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Are Energy Shots Safe?

Expert concerns about the popular pick-me-ups.

Caffeine Concerns continued...

Caffeine and other stimulants in energy shots are of special concern for those who play sports, Rosenbloom says. Yet getting a quick boost before exercising is one of the key reasons consumers say they take energy shots.

"The point of exercise is to get your heart rate up and sustain your blood pressure. You don’t want to go into that already revved up," Rosenbloom says. "If you have any underlying health issue, that could trigger a heart attack, a stroke, some kind of episode of really high blood pressure."

Some people drink energy shots to try to sober up after drinking alcohol so they can drive home.

Brent Bauer, MD, director of the Complementary and Integrative Medicine Program at Mayo Clinic in Rochester, Minn., says, "Being a more alert drunk isn’t any safer than being a drunk. But that seems to be a growing use among some of my younger patients."

Who Drinks Energy Shots?

Young men are the most likely to consume energy drinks and shots, although the market among all adults ages 25 to 45 is growing. Young people ages 12 to 17 who consume energy drinks down an average of 5.2 cans a month. Adults drink an average of 4.6 cans.

"Our target market is working adults who experience fatigue and feel they can benefit from an energy boost," says Lynn Petersmarck, advertising director for Living Essentials.

Beyond Caffeine

Nutritionists are also concerned about other ingredients in the shots and how they might interact. They would like to see more studies on the safety and effectiveness of the blends. Because they are marketed as dietary supplements, energy shots do not require FDA approval before hitting the market.

"A lot of these products contain multiple amounts of ingredients such as taurine and tyrosine and phenylalanine, and of course caffeine and guarana," White says. "There’s not enough research on how they’re going to react together, especially down the road."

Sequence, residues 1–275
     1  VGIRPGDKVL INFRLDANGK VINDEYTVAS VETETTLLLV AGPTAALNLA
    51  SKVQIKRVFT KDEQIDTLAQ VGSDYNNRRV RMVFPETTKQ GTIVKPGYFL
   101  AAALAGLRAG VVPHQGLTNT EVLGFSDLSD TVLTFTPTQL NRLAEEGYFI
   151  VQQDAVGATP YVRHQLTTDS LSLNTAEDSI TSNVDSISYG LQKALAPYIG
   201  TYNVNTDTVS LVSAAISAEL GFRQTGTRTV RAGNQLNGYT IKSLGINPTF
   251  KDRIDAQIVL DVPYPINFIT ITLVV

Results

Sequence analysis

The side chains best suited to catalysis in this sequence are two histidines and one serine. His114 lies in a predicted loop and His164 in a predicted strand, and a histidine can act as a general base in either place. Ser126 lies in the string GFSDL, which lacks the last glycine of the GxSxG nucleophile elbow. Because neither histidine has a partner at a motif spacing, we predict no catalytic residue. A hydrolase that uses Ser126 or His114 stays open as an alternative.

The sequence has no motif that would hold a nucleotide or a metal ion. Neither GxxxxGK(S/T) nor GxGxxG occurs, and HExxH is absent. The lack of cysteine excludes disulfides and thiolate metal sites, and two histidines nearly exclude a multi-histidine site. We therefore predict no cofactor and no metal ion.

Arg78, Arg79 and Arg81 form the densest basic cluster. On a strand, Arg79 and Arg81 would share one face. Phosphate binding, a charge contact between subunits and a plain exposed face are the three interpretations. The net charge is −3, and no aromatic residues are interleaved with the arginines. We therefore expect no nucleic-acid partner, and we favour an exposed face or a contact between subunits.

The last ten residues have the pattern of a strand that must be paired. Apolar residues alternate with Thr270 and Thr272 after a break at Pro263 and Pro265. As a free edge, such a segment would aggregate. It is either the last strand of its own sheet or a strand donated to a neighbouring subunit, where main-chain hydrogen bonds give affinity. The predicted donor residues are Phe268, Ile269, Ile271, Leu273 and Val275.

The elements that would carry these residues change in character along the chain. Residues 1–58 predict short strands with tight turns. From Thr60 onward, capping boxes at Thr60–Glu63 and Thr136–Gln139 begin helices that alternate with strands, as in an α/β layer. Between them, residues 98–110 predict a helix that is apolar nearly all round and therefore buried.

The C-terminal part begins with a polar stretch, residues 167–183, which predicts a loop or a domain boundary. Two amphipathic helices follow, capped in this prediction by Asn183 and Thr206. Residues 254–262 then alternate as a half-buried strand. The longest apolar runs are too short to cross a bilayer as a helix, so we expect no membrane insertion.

Bauer says drinkers may get some energy benefits from taurine but not from high doses of B vitamins. 5-Hour Energy, for example, claims to provide more than 8,000% of the recommended daily intake for B12, which is found in animal products and helps form red blood cells, and 2,000% of the recommended intake of B6. Vitamin B6, also found in animal products as well as in beans, whole grains, and fortified cereals and breads, helps boost the immune system and produce red blood cells.

"None of them are going to boost energy unless you’re B-deficient," Bauer says.

In general, B vitamins aren’t toxic in large amounts, Rosenbloom says. They’re water-soluble, which means they pass out of the body in urine. But high doses of B6 can cause nerve damage, tingling, and numbness in the arms and legs.

Living Essentials' spokesperson Petersmarck says the products are safe. "Everything in 5-Hour Energy is already contained in foods, such as apples, avocados, grains, and nuts, or is naturally occurring in your body," she says.

The company warns that those who are sensitive to vitamin B3 (niacin) may experience a niacin flush that involves a brief reddening of the skin and a hot, prickly feeling. One shot of 5-Hour Energy contains 150% of the recommended daily intake of niacin, which is found in animal products, beans, and fortified cereals and breads and helps the body convert food to energy.

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